The encounter with the films of Nathalie Djurberg and Hans Berg has something of a seduction — they immediately attract the viewer into colorful worlds, accompanied by hypnotic music.
The Schirn Kunsthalle Frankfurt is presenting the Swedish artist duo’s oeuvre for the first time in Germany in an extensive survey exhibition. On display are some forty video and sound works from the past two decades. Their playfully told, dismal fables full of black humor examine the great questions of humankind.
Nathalie Djurberg became known for her stop-motion films as early as 2003 — a slow, very elaborate animation technique in which a series of stills creates the illusion of movement, for which Hans Berg has provided the music since 2004. For each Film Berg composes a specific sound. The exhibition sheds light on Nathalie Djurberg and Hans Berg’s joint artistic oeuvre. Both members of the artist duo work intuitively in their own medium—without a script, a storyboard, or a predetermined dramatic curve. The process-related character of their work is foregrounded: it does not try to arrive at an end, but instead comes down to the process itself. Through the interplay of sculpture, moving pictures, and sound, the viewers get caught up in a maelstrom that is virtually impossible to resist.
The films explore the limits of human endurance
The artists take visitors to the exhibition on a journey into the interior of humankind—with films that resemble absurd dreams and suppressed memories and explore the limits of what is humanly tolerable in a dense atmosphere.
The exhibition is grouped around three large-format installations, which have never before been presented to the public in Germany together: “The Parade” (2011), “The Potato” (2008), and “The Experiment” (2009). The earliest works in the exhibition are from 2003 and were created before Nathalie Djurberg and Hans Berg began collaborating. The artist continues to regard herself first and foremost as a painter until today. The first films with clay animation were simple, short scenes, which then became more complex, and, starting in 2004, have been supplemented with music composed specifically for them by Hans Berg.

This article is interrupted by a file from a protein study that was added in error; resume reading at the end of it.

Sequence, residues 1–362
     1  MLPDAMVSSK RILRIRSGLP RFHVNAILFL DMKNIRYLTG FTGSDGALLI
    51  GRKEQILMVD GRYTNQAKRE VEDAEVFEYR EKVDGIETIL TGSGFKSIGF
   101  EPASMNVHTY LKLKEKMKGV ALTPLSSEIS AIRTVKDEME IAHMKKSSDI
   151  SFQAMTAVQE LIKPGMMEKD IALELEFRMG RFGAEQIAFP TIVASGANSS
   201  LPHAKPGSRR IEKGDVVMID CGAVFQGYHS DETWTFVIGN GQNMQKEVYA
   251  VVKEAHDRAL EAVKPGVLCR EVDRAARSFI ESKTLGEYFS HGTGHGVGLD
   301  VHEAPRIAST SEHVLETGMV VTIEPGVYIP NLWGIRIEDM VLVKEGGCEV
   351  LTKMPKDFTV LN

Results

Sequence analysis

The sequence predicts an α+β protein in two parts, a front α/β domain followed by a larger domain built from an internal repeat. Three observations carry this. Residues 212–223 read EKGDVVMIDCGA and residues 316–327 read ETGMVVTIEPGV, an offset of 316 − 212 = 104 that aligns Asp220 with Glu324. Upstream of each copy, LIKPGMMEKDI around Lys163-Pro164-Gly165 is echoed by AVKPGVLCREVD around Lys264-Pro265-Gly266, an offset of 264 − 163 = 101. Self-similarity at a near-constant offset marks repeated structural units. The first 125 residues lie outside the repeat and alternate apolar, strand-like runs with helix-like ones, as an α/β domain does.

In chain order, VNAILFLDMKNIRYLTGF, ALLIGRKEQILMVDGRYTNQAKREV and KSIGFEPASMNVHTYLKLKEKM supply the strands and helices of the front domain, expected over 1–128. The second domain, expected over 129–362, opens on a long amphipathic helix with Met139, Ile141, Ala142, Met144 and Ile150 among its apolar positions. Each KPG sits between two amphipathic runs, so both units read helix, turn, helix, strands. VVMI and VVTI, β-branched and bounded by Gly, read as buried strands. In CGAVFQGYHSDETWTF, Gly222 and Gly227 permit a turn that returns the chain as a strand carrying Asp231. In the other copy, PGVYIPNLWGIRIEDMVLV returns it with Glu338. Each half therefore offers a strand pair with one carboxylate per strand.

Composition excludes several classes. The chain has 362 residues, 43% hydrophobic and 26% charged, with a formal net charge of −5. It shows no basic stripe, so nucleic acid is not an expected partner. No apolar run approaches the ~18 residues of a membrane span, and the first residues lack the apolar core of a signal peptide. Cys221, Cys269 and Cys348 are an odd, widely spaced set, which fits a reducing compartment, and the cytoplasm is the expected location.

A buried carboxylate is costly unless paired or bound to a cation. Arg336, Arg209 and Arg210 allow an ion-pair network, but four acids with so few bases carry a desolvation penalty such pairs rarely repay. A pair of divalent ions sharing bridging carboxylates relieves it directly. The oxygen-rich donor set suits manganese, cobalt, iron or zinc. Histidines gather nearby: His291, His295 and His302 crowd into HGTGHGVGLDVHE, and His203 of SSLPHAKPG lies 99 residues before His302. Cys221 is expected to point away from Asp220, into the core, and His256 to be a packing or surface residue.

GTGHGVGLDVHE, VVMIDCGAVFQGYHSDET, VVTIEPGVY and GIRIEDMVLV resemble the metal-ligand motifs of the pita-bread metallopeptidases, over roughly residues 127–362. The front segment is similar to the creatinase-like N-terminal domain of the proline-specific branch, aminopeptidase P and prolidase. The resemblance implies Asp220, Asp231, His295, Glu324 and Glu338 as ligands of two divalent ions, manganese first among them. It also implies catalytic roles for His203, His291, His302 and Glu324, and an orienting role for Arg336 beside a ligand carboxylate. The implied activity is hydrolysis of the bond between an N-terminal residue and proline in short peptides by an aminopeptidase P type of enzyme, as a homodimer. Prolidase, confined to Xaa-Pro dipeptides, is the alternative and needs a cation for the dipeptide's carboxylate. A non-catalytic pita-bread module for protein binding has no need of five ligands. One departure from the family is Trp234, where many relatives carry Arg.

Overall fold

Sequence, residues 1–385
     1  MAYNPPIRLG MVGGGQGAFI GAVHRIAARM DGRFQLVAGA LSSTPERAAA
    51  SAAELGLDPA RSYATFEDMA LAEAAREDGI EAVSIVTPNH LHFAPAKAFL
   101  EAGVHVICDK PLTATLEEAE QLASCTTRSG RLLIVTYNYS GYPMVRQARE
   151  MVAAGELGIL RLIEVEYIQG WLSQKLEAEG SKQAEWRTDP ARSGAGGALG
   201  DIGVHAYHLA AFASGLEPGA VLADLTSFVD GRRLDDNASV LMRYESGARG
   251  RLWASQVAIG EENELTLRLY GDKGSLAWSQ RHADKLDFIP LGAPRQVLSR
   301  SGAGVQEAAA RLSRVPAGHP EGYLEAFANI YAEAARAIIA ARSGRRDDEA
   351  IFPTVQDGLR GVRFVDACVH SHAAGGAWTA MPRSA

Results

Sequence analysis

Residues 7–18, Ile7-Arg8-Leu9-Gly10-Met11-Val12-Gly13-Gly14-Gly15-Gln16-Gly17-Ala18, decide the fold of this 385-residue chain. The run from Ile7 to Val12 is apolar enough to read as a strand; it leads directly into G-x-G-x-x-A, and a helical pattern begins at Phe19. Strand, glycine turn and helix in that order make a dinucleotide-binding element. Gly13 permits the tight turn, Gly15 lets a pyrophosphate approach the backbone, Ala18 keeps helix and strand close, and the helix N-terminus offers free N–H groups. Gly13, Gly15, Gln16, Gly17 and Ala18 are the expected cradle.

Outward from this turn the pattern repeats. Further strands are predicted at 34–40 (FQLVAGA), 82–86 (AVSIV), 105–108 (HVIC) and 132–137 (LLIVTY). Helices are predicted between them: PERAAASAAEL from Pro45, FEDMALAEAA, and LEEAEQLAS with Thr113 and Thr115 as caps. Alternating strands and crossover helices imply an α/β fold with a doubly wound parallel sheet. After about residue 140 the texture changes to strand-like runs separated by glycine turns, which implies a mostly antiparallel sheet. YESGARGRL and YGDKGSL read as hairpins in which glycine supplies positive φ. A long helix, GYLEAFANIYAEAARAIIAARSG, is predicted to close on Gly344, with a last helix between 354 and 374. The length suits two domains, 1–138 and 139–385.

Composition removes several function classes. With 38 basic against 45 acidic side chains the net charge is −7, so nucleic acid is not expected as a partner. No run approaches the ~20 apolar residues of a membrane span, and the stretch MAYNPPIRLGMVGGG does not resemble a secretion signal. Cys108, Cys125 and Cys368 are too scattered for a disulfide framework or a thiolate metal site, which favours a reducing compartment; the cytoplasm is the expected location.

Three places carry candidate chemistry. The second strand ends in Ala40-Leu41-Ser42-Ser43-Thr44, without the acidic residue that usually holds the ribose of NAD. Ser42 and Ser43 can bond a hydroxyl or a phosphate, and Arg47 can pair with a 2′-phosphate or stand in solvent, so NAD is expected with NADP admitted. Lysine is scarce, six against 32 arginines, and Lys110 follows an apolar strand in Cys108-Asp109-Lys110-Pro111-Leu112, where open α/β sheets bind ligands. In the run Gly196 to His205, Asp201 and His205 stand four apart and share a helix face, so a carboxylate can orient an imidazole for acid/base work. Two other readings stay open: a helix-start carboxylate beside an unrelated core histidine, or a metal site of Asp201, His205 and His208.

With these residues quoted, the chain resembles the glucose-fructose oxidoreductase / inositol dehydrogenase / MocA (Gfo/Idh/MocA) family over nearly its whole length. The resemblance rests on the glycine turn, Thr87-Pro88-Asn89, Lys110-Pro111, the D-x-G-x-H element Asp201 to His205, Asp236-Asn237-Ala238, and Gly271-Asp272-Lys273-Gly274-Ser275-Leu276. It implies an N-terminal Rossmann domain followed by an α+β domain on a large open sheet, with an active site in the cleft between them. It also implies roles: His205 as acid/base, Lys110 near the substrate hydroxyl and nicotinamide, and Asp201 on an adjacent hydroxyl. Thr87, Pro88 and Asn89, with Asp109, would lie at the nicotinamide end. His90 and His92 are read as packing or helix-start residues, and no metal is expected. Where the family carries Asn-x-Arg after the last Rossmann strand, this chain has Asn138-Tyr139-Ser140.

The exhibition also presents numerous works produced in the past few years, including the two sculptures “Cheer Up—Yes You Are Weak And Yes, Life is Hard” (2018) and “My Fixation With Making You Happy And Content” (2018). As in many of Djurberg and Berg’s works, the animal world is humanized here—a means for depicting human brutality and bestiality that is familiar from fables or fairytales.
The artists' first virtual reality work is also on display
With their first work created in virtual reality (VR), “It Will End in Stars” (2018), the artists have tried out a new narrative method for the first time specifically for the exhibition. It nevertheless remains their own and builds on traditional analogue techniques, on hand drawings and sculpted figures, that have been painstakingly scanned and animated. The work is experienced in a setting that combines their handcrafted style with digital technology.
There are also strong references to Djurberg’s early animated charcoal drawings. One of the completely new works presented in the exhibition is “One Need Not Be a House, The Brain Has Corridors” (2018). Pulsing music accompanies viewers through winding corridors in which characters from earlier films such as the wolf—perhaps an alter ego of Djurberg— reappear.